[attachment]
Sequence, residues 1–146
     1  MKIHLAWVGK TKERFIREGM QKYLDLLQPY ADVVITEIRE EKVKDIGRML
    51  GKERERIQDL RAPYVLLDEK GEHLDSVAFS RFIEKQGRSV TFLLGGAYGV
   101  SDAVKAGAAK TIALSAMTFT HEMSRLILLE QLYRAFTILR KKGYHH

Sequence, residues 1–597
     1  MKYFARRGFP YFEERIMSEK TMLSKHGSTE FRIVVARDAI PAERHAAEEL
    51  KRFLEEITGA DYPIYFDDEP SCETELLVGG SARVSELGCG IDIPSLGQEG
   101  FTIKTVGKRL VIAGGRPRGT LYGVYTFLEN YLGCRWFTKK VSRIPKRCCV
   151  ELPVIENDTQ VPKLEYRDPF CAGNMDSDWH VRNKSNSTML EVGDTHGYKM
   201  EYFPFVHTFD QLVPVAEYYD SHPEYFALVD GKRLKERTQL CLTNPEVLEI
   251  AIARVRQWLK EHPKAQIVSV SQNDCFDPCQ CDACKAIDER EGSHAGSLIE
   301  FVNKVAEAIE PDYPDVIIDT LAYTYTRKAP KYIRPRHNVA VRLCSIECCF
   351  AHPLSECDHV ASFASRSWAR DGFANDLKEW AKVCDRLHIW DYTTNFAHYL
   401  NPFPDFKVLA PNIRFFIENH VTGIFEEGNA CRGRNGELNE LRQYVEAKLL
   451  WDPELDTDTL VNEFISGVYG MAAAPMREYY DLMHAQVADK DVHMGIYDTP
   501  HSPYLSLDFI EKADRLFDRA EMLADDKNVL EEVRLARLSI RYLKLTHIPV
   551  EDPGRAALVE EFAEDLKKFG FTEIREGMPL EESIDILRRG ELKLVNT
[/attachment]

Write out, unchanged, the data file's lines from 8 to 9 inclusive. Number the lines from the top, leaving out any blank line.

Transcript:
   101  FTIKTVGKRL VIAGGRPRGT LYGVYTFLEN YLGCRWFTKK VSRIPKRCCV
   151  ELPVIENDTQ VPKLEYRDPF CAGNMDSDWH VRNKSNSTML EVGDTHGYKM